Theater Degrees and Their Many Practical Applications

Ok, the title of this post is a joke. While I’m sure there are practical applications for theater degrees, that’s not what I want to talk about today. After working with 3 theater companies and 4 startups, I’ve noticed some crazy similarities between the two.

I didn’t always know I’d want to work with startups. Hell, before I started working with startups, I barely followed them. As a kid, I had no idea that regular everyday people started their own tech companies. But I did know how much I loved theater. So, long story short, I was a theater major in college, worked on and designed sets, costumes, and lighting, and thought that would be my future. That is, until I realized it made me miserable, and I moved on with my first startup.

Not many people believe this, but theater was actually the much more stressful of the two tech worlds. While bootstrapped startups can have you working around the clock for no pay, theater offers you all the same fun, minus the potential pot of gold at the end of the rainbow (AKA stock options), and with the increased likelihood of picking up a smoking habit.

Think about it:

Theater Startups

A lot of striking similarities, but I was actually getting more sleep while working with bootstrapped startups than I ever did while working in theater. While early stage startups are notorious for long hours, theater has them pre-scheduled, whether or not you need them. Each also has an unhealthy reliance on energy drinks and takeout, to support the long hours.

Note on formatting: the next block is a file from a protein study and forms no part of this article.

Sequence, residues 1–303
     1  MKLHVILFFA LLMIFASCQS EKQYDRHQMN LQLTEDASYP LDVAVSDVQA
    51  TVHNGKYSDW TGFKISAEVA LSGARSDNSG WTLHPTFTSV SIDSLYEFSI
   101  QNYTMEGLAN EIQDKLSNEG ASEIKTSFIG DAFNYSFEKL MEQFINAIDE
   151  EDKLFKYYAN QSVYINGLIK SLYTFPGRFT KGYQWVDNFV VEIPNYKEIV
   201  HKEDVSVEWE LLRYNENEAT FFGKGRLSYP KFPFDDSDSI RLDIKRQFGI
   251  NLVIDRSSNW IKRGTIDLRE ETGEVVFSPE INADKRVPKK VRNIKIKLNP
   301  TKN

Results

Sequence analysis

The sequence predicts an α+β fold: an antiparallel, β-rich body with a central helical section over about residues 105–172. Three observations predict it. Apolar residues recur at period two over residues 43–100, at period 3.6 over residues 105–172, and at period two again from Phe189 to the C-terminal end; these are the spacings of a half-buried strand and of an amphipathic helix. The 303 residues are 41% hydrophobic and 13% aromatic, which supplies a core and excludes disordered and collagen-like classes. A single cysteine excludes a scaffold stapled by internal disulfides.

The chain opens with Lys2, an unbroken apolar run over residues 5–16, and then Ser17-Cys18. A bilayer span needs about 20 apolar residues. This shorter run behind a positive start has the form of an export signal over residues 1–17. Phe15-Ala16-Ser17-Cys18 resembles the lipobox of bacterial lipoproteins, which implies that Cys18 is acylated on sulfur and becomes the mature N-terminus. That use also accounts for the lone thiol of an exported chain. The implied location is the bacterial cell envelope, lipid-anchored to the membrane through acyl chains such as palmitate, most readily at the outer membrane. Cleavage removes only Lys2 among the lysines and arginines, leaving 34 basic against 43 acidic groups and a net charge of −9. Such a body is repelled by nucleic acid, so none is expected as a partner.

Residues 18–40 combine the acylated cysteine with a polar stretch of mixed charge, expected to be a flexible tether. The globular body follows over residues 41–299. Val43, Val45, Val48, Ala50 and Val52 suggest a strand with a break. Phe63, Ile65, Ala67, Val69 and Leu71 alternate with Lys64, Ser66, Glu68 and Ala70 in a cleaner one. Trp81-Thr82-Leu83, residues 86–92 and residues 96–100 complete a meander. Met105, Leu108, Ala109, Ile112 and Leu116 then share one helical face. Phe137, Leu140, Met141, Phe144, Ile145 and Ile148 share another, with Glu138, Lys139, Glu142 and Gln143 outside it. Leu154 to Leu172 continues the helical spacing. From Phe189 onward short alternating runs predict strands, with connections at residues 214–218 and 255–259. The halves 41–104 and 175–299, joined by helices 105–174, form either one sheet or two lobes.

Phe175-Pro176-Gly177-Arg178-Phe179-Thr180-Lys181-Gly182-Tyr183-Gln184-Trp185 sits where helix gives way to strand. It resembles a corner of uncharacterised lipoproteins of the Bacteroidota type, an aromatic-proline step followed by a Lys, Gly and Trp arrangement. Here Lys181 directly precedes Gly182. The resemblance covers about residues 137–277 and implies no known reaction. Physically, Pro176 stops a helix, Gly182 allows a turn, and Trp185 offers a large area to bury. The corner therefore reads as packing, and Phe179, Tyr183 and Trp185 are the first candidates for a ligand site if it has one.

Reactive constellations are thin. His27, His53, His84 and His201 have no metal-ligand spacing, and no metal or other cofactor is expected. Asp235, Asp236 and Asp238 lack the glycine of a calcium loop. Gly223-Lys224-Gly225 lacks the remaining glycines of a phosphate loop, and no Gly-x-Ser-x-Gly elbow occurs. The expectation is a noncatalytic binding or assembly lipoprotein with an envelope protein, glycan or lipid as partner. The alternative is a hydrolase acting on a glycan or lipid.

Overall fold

Tech and theater have the visionaries who want to see their dream realized, whether on the stage or in lines of code. But only in theater do you have to tear it all down again soon after launching opening, and start over. In startups, you may have to pivot, but you can always go back to the original product if you need to.

Both are serious creative outlets. I haven’t experienced every industry out there, but I’d be hard pressed to pick two careers that require more determination and flexibility than arts and startups. In both, you fall in love with what you’re doing, then fail again and again before getting anywhere –  if you get anywhere at all. The people who survive are warriors for the thing they love: building something out of nothing.

These two are also incredibly team-dependent. Everyone has to communicate and share a game plan in order to build something that works, whether you’re working with a director or a team of engineers and designers. Pieces have to fit together into something that does something.

Oh, and while both theater and startup employees have a higher than average chance of drug usage, theater seemed to be more on the nicotine side. Many of my coworkers in the first startup were smoking, erm, other things that were not yet legal at the time, and enjoying the occasional weekend off with psychedelics. Can’t say whether that’s true everywhere, though. #NotAllStartups.

Neither is always as glamorous as we’re supposed to believe, but while theater wasn’t for me, I have a lot of respect for the people who stick with it – those pale, hardworking smokers in black. Whenever I hear a coworker complaining about how hard it is to be in #DatStartupGrind, I think back to the long hours of sawdust, paint fumes, and metal splinters, and am happy that the team and software we’re building is going to outlast any production I’d worked on. The (shorter) long hours can be worth it, when done correctly, whether or not those stock options are ever worth anything.

Leave a Reply